Latest from The Spokesman-Review
The Idaho State Board of Education is taking public comments on six proposed rule changes, on everything from requiring Idaho school kids to get cursive writing instruction to adding two credits of PE as a high school graduation requirement. Idaho Education News has a rundown here on the rule changes and how to comment; there’s a public hearing set for Oct. 8, and the state board is scheduled to consider the rules at its November meeting. Comments will be accepted through the end of October.
All six rule changes were proposed by state schools Superintendent Tom Luna; you can read his office’s summary here of the changes and public comment opportunities. In addition to cursive and PE, the rules address ISAT testing, an adjustment to math and science requirements, teacher education and endorsements, and an in-service math training requirement for teachers.
As a left-hander, I was often scolded by my elementary school teachers to hold my hand so that my cursive letters would slant correctly. Each report card came home with “N” for my handwriting grade (N= Needs Improvement).
For many of today's elementary school students, the handwriting assessment is replaced with “keyboarding,” a function that allows both hands to work easily towards a readable outcome. Many states do not mandate that cursive writing be taught.
At the least, our children will lose their unique signatures and perhaps tragically not be able to decipher grandparents' letters or journals mom wrote in college. And one's need for spelling skills may disappear, too, with Spell Check and texting shorthand. What will the future hold? IDK.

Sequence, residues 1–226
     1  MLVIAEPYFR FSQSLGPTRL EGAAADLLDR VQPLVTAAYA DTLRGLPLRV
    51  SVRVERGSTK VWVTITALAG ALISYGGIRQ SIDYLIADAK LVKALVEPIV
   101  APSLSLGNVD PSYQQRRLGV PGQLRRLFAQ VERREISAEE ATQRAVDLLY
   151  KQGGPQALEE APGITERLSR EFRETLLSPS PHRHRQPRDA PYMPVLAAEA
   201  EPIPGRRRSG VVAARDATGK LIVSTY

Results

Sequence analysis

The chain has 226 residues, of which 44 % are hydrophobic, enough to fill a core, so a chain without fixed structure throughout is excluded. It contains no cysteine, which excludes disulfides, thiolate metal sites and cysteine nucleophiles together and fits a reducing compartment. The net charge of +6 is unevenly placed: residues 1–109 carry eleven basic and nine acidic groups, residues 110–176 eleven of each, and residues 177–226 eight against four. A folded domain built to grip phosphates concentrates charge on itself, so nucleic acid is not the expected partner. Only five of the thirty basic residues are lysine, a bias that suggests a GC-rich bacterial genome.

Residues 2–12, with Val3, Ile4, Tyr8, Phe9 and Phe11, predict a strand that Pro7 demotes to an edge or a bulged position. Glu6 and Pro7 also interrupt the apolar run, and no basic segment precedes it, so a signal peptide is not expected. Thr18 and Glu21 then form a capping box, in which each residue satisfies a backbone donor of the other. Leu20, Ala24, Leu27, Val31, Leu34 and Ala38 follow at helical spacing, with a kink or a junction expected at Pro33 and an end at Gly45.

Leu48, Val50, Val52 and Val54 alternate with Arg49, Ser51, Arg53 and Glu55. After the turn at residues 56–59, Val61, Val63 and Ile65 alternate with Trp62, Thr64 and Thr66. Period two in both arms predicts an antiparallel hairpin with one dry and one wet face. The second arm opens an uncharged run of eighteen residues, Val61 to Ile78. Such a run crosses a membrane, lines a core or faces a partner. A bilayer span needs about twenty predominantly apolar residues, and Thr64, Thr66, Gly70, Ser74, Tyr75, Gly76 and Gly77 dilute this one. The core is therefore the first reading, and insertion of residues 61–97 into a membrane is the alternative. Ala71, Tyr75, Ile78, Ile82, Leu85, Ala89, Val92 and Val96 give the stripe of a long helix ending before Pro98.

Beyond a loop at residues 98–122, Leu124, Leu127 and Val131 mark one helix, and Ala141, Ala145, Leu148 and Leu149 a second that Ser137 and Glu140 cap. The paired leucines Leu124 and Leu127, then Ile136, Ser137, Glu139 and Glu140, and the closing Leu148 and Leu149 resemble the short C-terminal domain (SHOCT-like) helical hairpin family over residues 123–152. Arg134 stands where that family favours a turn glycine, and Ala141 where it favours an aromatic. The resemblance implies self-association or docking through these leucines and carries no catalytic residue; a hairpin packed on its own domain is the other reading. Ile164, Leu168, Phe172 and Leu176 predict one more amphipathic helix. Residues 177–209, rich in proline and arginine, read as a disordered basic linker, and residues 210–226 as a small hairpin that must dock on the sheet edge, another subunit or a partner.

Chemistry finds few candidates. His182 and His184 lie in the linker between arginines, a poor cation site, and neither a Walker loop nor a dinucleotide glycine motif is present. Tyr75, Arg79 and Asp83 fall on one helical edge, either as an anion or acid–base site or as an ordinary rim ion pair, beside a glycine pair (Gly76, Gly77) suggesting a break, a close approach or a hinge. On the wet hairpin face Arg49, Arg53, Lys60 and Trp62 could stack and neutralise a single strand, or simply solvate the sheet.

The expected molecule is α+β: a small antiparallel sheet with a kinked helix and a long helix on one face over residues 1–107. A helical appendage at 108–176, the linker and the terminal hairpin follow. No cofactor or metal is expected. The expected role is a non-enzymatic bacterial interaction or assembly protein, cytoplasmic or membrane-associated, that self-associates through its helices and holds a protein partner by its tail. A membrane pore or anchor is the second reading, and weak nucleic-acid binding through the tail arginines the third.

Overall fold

What these kids are learning seems familiar to most of us; but, they're learning something fewer and fewer kids across the country will ever learn. Districts across the country are making the switch from handwriting lessons to keyboarding classes, leaving cursive in the dust. Spokane Public Schools and Central Valley Schools still have cursive writing in their curricula, beginning in the 2nd grade. But, a move to change that in districts across the country has some teachers and parents concerned/Marissa Luck, KXLY. More here.
Question: Should schools still teach children cursive? And/or: Do you have decent handwriting?
The loops and curls of cursive handwriting have all but vanished from college essay exam blue books. On rare occasions when college students write by hand, nearly all of them use what educators call manuscript form, which is to say, they print. Cursive writing is endangered and may near extinction in another generation, educators say. With the rise of word processing, texting and twittering, young people have fewer needs to write by hand. Cursive is on its way to becoming an artifact for calligraphers/Bill Graves, Oregonian. More here.
DFO: Bill Graves was a reporter for the Coeur d’Alene Press in the late 1970s early 1980s when SR columnist Doug Clark was managing editor.
Question: Do you have good handwriting? And/or: Do you regret that cursive is going the way of the dinosaur among college students?